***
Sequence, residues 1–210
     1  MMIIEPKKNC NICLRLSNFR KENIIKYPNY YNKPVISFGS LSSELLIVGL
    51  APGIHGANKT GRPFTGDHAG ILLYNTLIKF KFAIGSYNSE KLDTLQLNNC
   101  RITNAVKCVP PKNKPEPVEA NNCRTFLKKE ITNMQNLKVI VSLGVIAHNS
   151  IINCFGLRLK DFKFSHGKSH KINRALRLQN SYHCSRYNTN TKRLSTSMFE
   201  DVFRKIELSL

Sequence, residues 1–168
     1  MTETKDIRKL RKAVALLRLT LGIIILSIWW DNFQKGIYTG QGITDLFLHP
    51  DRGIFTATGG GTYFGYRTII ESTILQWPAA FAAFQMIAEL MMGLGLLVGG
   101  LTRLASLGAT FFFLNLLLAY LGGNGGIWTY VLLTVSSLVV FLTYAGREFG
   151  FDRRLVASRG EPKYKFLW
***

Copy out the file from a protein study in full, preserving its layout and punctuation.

Sequence, residues 1–210
     1  MMIIEPKKNC NICLRLSNFR KENIIKYPNY YNKPVISFGS LSSELLIVGL
    51  APGIHGANKT GRPFTGDHAG ILLYNTLIKF KFAIGSYNSE KLDTLQLNNC
   101  RITNAVKCVP PKNKPEPVEA NNCRTFLKKE ITNMQNLKVI VSLGVIAHNS
   151  IINCFGLRLK DFKFSHGKSH KINRALRLQN SYHCSRYNTN TKRLSTSMFE
   201  DVFRKIELSL

Sequence, residues 1–168
     1  MTETKDIRKL RKAVALLRLT LGIIILSIWW DNFQKGIYTG QGITDLFLHP
    51  DRGIFTATGG GTYFGYRTII ESTILQWPAA FAAFQMIAEL MMGLGLLVGG
   101  LTRLASLGAT FFFLNLLLAY LGGNGGIWTY VLLTVSSLVV FLTYAGREFG
   151  FDRRLVASRG EPKYKFLW